And I still maintain that they are suffering punishment, which surely
would not include being bound together.  it seems much more appropriate to
me for them never to touch, like Tantalus in Greek mythology is
"tantalized" by food and drink almost at his very lips until he reaches to
consume it.  Such a punishment would seem to me to typify the sort of
suffering dante depicts here, which does seem rather severe, especially
for this early rung that isn't even in the Inferno proper (and actually
the sins of some of the others, as well as Paolo and Francesca would seem
to me, given the Catholic midset, to warrant something more severe than
Limbo!  But perhaps once again Dante is playing with things a bit: is
Ulysses' crime so much worse--as a false counselor, confined much further 
down, as described in Canto 26--so much worse than adultery and lust?
hmmm.)
	Anyway, these are my thoughts.  I am almost tempted to ask an old
prof of mine who specializes in Dante.  I would guess he would cite the
same sources as you, but I can't help but think that I didn't entirely
invent such a vivid image that has stayed with me for nearly 20 years
(yes, I am just barely old enough to have been reading dante 20 years ago,
and NOT been a prodigy :).  Does it really make sense to you that such
misery as Dante describes coincides with the kind of satisfaction you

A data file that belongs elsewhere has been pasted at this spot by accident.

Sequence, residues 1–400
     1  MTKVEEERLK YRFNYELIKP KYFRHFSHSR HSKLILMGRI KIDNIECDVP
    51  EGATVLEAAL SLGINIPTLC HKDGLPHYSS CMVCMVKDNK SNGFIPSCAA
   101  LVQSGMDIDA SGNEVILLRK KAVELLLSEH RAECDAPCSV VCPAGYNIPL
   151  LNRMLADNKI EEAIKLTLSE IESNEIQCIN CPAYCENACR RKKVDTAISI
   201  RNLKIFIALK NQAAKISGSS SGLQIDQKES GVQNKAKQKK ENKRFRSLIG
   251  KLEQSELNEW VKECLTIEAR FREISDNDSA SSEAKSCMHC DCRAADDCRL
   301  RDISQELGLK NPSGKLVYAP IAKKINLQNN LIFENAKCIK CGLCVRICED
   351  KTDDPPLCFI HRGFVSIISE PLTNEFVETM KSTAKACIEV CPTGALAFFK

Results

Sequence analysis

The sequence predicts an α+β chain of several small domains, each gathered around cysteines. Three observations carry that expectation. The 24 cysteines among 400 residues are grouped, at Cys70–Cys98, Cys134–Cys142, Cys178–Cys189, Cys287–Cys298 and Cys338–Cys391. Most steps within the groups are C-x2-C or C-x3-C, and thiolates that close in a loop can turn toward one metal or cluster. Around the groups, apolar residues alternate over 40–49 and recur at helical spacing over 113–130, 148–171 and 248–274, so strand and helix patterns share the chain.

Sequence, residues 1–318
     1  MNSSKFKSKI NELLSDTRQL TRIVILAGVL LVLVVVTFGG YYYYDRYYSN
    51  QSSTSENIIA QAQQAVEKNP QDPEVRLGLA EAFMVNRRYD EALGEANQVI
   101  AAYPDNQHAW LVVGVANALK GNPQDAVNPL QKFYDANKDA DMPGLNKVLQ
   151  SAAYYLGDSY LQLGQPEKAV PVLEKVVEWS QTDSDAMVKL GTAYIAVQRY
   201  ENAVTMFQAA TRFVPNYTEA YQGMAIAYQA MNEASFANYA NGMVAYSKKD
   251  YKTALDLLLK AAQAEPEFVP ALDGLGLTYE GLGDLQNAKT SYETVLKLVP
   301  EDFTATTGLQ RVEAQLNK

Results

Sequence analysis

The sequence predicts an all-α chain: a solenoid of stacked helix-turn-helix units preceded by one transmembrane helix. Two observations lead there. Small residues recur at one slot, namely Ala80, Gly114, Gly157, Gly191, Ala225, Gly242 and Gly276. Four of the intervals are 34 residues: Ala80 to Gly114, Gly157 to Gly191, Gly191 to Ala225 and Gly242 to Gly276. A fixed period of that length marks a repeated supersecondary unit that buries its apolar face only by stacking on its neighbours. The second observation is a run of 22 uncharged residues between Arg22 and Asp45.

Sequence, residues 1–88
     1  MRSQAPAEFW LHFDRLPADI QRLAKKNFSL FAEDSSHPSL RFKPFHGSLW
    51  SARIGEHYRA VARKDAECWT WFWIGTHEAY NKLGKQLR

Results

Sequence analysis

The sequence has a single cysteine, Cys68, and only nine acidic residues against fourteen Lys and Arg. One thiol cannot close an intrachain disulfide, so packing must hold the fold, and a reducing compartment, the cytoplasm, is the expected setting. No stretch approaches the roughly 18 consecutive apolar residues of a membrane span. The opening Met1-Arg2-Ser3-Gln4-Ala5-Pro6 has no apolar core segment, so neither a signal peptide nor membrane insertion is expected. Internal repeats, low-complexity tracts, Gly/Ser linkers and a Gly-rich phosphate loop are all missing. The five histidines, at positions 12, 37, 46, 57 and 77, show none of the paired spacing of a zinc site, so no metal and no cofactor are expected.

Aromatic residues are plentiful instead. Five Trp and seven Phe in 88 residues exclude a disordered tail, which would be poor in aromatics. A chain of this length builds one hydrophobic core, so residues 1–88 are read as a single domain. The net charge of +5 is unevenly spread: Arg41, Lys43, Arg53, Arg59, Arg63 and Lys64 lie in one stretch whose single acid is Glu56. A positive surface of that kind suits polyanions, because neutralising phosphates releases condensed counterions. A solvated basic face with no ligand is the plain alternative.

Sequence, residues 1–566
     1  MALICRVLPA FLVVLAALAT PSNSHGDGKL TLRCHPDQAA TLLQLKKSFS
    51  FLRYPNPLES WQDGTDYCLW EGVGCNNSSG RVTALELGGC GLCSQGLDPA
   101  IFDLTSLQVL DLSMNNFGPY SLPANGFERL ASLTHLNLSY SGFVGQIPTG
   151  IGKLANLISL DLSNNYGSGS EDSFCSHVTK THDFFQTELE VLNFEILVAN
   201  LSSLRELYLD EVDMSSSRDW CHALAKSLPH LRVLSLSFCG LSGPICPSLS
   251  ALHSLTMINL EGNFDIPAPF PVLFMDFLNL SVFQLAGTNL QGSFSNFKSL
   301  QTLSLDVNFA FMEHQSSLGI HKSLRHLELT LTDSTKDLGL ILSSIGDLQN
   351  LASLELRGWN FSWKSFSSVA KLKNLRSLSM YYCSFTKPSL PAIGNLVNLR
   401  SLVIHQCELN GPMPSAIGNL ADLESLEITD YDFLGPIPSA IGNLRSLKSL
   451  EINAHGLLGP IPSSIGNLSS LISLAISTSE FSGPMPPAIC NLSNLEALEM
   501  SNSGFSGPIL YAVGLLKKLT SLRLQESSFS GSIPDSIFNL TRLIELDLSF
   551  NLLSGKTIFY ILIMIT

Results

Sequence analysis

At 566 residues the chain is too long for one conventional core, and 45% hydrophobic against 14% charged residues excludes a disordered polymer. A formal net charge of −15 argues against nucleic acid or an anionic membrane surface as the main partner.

attribute to Francesca?
genuinely curious,
Venus 




 On Sun, 27 Jan 2002,
Richard Seddon wrote:

> Marcia and Venus
> 
> Venus: I second Marcia welcome in hearing your voice again.  You were
> missed.
> 
> I was careless in my remarks about the book.  A not unusual occurrence.
> 
> One of the major themes of the Divine Comedy is that admittance and
> repentance is what defines whether a soul is assigned to hell or purgatory.
> If the soul admits to their sin and repents it is assigned to purgatory
> regardless of the sin.  If the soul does not admit and repent then it is
> assigned to a circle of hell dependent upon the sin.
> 
> Francesca blames the book for getting her involved in sin.  She never has
> admitted or repented of the sin itself.  She does not repent therefore she
> is in hell.
> 
> Venus:  I find no mention in any of the translations I have that Francesca
> and Paolo can't touch.  I do find that they are together being blown around
> in the noise and winds along with the souls of Dido and others.  I cannot
> find separation as a condition of their punishment anywhere.  What Pinsky
> translates as "those two who move together"  the temple classics gives as